Never Mine in the First Place

Jonathan Lethem has a fascinating essay in this month’s Harper’s. In “The Ecstasy of Influence” he unpacks the ways culture revisits, reinvents, and remixes in ways that copyright law forbids.

Thomas Jefferson, for one, considered copyright a necessary evil: he favored providing just enough incentive to create, nothing more, and thereafter allowing ideas to flow freely, as nature intended. His conception of copyright was enshrined in the Constitution, which gives Congress the authority to “promote the Progress of Science and useful Arts, by securing for limited Times to Authors and Inventors the exclusive Right to their respective Writings and Discoveries.” This was a balancing act between creators and society as a whole; second comers might do a much better job than the originator with the original idea.

But Jefferson’s vision has not fared well, has in fact been steadily eroded by those who view the culture as a market in which everything of value should be owned by someone or other. The distinctive feature of modern American copyright law is its almost limitless bloating—its expansion in both scope and duration. With no registration requirement, every creative act in a tangible medium is now subject to copyright protection: your email to your child or your child’s finger painting, both are automatically protected. The first Congress to grant copyright gave authors an initial term of fourteen years, which could be renewed for another fourteen if the author still lived. The current term is the life of the author plus seventy years. It’s only a slight exaggeration to say that each time Mickey Mouse is about to fall into the public domain, the mouse’s copyright term is extended.

Even as the law becomes more restrictive, technology is exposing those restrictions as bizarre and arbitrary. When old laws fixed on reproduction as the compensable (or actionable) unit, it wasn’t because there was anything fundamentally invasive of an author’s rights in the making of a copy. Rather it was because copies were once easy to find and count, so they made a useful benchmark for deciding when an owner’s rights had been invaded. In the contemporary world, though, the act of “copying” is in no meaningful sense equivalent to an infringement—we make a copy every time we accept an emailed text, or send or forward one—and is impossible anymore to regulate or even describe.

Though most of the essay focuses on cultural production, there’s a section of the essay in which he speaks of the value of “rediscovering public knowledge” – an intriguing notion for tenure and promotion committees, that extending the frontiers of knowledge is perhaps not as valuable as finding connections and hidden treasures in what we’ve already accumulated. And in the end he acknowledges his sources in a most interesting way – not in footnotes, but a web of connections that he repurposed as we all do when we think about things we’ve heard and read and seen. And he describes a workable balance.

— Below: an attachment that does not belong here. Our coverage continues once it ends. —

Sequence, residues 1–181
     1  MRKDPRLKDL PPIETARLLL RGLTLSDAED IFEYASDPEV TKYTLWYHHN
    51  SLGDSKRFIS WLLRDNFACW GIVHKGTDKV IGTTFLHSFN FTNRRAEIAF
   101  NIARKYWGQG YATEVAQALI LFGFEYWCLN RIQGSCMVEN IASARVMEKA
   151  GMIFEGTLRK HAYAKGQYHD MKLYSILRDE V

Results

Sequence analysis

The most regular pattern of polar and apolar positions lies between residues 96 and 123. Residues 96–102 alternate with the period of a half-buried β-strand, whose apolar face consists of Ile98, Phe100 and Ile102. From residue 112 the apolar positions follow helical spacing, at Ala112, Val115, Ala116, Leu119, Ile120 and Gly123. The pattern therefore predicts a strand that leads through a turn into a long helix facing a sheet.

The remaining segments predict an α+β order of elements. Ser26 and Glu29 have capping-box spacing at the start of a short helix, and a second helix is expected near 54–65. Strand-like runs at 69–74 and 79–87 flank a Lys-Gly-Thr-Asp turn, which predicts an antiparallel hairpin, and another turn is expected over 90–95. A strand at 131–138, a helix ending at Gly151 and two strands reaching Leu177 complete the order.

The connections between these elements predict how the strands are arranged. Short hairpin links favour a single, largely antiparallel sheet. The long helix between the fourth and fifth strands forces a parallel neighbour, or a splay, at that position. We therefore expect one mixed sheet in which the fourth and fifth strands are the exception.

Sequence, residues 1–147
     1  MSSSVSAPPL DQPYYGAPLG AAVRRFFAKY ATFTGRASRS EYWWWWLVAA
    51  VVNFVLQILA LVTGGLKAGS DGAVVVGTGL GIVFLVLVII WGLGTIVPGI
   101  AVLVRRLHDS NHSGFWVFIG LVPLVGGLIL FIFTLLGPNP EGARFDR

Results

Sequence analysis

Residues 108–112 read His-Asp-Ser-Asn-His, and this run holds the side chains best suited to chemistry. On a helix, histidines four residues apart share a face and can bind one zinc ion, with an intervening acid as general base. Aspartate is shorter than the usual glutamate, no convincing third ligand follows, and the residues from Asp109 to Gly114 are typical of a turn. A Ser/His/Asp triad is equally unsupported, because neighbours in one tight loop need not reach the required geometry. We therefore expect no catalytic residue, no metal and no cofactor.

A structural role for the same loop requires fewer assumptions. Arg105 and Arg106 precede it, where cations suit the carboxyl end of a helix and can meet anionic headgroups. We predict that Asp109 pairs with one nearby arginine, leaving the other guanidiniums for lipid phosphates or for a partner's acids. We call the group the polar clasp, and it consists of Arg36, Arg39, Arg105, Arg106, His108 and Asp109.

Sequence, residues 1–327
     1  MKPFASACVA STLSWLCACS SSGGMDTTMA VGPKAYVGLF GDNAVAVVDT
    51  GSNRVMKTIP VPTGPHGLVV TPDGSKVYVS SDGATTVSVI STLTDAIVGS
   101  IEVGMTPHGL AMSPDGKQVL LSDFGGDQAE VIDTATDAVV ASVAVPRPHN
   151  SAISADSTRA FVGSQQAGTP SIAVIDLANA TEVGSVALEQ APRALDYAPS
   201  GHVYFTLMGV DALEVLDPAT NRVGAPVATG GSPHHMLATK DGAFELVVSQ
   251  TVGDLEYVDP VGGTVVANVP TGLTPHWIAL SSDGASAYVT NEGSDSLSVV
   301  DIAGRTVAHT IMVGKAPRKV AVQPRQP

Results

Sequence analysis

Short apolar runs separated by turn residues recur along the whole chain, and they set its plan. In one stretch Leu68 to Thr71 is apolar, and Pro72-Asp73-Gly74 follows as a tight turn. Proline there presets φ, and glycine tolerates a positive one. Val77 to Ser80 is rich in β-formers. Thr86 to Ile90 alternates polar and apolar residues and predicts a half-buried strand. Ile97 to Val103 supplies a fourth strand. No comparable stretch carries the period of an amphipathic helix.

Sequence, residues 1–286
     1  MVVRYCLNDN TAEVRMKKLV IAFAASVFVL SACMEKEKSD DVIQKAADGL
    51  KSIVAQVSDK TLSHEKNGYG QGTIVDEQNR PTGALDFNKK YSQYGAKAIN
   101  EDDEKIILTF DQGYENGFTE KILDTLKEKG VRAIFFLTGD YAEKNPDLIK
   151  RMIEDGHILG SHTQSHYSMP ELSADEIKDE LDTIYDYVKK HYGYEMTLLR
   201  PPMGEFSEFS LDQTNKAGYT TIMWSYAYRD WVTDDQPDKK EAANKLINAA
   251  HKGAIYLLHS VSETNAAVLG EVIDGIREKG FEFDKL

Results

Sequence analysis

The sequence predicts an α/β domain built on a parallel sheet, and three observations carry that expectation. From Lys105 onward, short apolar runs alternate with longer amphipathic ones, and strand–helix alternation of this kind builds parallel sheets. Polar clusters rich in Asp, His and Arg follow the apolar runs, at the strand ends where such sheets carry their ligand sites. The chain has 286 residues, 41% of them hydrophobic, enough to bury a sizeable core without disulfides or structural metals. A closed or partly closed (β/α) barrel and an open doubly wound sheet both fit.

As a novelist, I’m a cork on the ocean of story, a leaf on a windy day. Pretty soon I’ll be blown away. For the moment I’m grateful to be making a living, and so must ask that for a limited time (in the Thomas Jefferson sense) you please respect my small, treasured usemonopolies. Don’t pirate my editions; do plunder my visions. The name of the game is Give All. You, reader, are welcome to my stories. They were never mine in the first place, but I gave them to you. If you have the inclination to pick them up, take them with my blessing.

These are issues we should think about. For all our professional sophistication about open access and the need to unlock scholarship, we tend to shorten Standard Five of the Information Literacy Competency Standards – on using information “ethically and legally” (as if those are the same thing) – to “don’t plagiarize.” Admittedly, librarians rarely have time in a class to delve into these issues, but we should consider broadening our institutional focus on scholarly communication to include the equally-important cultural skirmishes around copyright. After all, it is the world our students live in.

By the way, Lethem talks with Siva Vaidhyanathan and others about this “provocation” here.

About Barbara Fister

I'm an academic librarian at Gustavus Adolphus College in St. Peter, Minnesota. Like all librarians at our small, liberal arts institution I am involved in reference, collection development, and shared management of the library. My area of specialization is instruction, with research interests also in media literacy, popular literacy, publishing, and assessment.

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